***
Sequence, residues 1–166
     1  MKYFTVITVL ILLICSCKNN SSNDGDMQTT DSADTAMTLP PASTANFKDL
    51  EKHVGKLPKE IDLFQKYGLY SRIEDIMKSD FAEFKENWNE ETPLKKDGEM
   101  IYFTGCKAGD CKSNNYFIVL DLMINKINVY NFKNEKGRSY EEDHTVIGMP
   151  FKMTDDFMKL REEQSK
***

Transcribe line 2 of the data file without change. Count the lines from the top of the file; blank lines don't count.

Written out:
     1  MKYFTVITVL ILLICSCKNN SSNDGDMQTT DSADTAMTLP PASTANFKDL